MR-guided focused ultrasound technique in functional neurosurgery: targeting accuracy

D. Moser, E. Zadicario, G. Schiff and D. Jeanmonod

Background

The purpose of this study was to describe targeting accuracy in functional neurosurgery using incisionless transcranial magnetic resonance (MR)-guided focused ultrasound technology.

Methods

MR examinations were performed before and 2 days after the ultrasound functional neurosurgical treatment to visualize the targets on T2-weighted images and determine their coordinates. Thirty consecutive targets were reconstructed: 18 were in the central lateral nucleus of the medial thalamus (central lateral thalamotomies against neurogenic pain), 1 in the centrum medianum thalamic nucleus (centrum medianum thalamotomy against essential tremor), 10 on the pallido-thalamic tract (pallido-thalamic tractotomies against Parkinson’s disease), and 1 on the cerebello-thalamic tract (cerebello-thalamic tractotomy against essential tremor). We describe a method for reconstruction of the lesion coordinates on post-treatment MR images, which were compared with the desired atlas target coordinates. We also calculated the accuracy of the intra-operative target placement, thus allowing to determine the global, planning, and device accuracies. We also estimated the target lesion volume.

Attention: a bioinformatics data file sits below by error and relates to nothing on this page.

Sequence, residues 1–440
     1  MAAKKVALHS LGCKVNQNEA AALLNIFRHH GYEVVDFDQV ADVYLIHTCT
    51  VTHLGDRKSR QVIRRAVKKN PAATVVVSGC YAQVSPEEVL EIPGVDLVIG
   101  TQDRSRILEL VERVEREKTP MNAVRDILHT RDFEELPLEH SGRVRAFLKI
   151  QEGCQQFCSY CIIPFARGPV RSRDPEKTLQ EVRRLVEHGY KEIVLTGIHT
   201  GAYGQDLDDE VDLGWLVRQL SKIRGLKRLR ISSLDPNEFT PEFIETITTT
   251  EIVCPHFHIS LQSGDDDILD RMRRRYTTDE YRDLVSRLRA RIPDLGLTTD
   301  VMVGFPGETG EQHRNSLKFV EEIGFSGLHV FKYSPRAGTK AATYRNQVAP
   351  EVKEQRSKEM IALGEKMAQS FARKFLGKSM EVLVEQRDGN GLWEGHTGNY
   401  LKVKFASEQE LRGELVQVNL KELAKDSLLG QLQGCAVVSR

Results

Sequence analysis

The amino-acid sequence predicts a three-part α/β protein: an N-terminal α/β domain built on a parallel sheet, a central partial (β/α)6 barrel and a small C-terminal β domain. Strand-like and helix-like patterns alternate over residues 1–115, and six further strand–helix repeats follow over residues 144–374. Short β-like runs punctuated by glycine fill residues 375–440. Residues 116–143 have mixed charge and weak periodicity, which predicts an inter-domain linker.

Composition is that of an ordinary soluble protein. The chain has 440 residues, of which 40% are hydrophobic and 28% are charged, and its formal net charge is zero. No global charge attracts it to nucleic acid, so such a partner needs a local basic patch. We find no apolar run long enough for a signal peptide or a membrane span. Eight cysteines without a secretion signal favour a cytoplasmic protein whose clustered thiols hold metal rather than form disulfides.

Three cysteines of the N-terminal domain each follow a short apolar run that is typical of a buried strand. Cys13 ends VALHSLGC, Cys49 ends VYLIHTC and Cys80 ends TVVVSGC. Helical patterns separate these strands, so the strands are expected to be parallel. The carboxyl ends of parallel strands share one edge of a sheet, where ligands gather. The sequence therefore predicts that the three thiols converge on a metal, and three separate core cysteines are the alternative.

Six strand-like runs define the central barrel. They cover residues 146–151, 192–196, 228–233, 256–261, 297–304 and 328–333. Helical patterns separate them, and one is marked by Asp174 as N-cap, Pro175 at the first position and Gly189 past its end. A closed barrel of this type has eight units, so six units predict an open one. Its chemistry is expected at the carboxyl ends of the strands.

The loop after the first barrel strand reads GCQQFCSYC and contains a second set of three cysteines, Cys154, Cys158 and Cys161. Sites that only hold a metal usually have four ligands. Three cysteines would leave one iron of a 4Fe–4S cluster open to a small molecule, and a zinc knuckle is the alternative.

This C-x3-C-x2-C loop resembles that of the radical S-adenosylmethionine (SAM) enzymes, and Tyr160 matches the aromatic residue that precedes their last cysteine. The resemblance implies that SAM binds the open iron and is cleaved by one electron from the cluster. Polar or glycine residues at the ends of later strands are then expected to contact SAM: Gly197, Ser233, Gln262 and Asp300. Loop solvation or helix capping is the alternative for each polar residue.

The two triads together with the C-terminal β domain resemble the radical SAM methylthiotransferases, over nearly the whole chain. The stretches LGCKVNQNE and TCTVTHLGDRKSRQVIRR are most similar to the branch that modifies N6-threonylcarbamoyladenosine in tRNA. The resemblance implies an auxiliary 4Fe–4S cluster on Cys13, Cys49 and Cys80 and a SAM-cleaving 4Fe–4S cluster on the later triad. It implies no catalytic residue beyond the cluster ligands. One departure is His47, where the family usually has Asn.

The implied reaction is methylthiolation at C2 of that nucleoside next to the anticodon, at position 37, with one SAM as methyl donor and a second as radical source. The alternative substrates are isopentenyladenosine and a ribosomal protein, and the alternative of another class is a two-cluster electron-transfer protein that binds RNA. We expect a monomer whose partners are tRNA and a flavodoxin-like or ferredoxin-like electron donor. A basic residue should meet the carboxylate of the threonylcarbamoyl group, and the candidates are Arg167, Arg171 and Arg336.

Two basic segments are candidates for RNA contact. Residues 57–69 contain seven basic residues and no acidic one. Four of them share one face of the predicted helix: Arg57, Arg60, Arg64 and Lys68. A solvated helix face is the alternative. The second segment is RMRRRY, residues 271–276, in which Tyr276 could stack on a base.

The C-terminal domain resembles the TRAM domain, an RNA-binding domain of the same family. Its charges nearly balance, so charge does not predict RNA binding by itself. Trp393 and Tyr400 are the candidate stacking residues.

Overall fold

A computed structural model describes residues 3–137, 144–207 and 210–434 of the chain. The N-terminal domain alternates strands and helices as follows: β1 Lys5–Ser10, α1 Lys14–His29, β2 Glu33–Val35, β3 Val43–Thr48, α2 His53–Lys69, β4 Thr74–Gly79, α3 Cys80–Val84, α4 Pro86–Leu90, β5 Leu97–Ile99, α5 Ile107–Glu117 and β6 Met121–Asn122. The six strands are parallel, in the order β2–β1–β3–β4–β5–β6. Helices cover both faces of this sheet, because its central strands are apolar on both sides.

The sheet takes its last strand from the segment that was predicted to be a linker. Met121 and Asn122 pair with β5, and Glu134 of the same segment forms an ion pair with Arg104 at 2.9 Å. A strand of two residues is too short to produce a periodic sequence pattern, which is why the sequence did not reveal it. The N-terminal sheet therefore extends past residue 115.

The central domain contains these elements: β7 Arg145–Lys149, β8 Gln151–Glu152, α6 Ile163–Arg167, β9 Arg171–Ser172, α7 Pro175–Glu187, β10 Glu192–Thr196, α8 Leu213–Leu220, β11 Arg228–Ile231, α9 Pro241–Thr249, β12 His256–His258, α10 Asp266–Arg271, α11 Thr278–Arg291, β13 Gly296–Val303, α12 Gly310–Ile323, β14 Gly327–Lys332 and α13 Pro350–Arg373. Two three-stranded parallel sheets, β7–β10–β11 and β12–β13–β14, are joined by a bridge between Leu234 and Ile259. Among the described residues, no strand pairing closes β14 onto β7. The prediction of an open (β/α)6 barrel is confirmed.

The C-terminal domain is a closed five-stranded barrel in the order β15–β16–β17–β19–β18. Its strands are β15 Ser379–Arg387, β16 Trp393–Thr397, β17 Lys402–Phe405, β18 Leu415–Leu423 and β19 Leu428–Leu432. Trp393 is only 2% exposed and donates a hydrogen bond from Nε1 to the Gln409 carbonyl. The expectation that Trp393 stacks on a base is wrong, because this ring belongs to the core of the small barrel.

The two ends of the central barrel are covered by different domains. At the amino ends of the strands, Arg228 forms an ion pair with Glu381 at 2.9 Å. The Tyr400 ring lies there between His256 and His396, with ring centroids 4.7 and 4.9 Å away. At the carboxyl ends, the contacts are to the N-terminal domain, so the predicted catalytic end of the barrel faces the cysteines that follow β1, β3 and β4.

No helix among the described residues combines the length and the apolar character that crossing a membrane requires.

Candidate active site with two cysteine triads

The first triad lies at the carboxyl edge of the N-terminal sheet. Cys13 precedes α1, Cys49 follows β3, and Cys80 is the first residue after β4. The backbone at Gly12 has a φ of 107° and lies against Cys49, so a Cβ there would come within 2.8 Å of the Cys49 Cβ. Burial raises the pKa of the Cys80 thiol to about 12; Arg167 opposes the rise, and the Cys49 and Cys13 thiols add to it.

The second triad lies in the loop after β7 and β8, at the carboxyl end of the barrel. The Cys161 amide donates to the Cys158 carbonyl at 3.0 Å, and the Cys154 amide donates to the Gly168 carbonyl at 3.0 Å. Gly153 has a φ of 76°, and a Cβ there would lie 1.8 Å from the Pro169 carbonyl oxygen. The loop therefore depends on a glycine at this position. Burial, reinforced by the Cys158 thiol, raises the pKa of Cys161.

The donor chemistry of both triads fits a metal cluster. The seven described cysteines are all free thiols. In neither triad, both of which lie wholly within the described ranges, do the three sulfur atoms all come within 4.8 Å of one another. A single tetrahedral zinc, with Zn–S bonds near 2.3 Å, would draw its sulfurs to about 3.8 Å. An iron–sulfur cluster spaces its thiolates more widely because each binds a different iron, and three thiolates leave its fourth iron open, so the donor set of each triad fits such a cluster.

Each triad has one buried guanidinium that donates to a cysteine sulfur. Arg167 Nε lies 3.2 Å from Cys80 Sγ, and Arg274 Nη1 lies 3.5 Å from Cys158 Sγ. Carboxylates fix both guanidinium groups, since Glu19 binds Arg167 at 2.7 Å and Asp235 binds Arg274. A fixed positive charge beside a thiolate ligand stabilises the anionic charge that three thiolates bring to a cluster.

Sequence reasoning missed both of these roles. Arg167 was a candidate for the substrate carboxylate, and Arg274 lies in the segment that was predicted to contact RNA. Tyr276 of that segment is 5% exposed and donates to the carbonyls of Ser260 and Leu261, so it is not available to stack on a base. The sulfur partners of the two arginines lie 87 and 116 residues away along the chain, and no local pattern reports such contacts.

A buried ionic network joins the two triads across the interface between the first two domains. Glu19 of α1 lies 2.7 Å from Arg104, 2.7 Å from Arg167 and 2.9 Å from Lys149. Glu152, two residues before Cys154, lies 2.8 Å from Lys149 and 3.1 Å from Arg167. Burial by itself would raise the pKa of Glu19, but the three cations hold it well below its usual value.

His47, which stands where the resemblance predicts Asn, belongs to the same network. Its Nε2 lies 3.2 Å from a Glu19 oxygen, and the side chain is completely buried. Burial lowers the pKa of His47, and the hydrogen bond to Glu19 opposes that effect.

Results

We found mean absolute global targeting accuracies of 0.44 mm for the medio-lateral dimension (standard deviation 0.35 mm), 0.38 mm for the antero-posterior dimension (standard deviation 0.33 mm), and 0.66 mm for the dorso-ventral dimension (standard deviation 0.37 mm). Out of the 90 measured coordinates, 83 (92.2%) were inside the millimeter domain. The mean three-dimensional (3D) global accuracy was 0.99 mm (standard deviation 0.39 mm). The mean target volumes, reconstructed from surface measurements on 3D T1 series, were 68.5 mm3 (standard deviation 39.7 mm3), and 68.9 mm3 (standard deviation 40 mm3) using an ellipsoidal approximation.

Conclusion

This study demonstrates a high accuracy of the MR-guided focused ultrasound technique. This high accuracy is due not only to the device qualities but also to the possibility for the operator to perform on-going real-time monitoring of the lesioning process. A precise method for determination of targeting accuracy is an essential component and basic requirement of the functional neurosurgical activity, allowing an on-going control of the performed therapeutic work indispensable for any target efficiency analysis and the maintenance of a low risk profile.

Journal of Therapeutic Ultrasound 1:3, 2013

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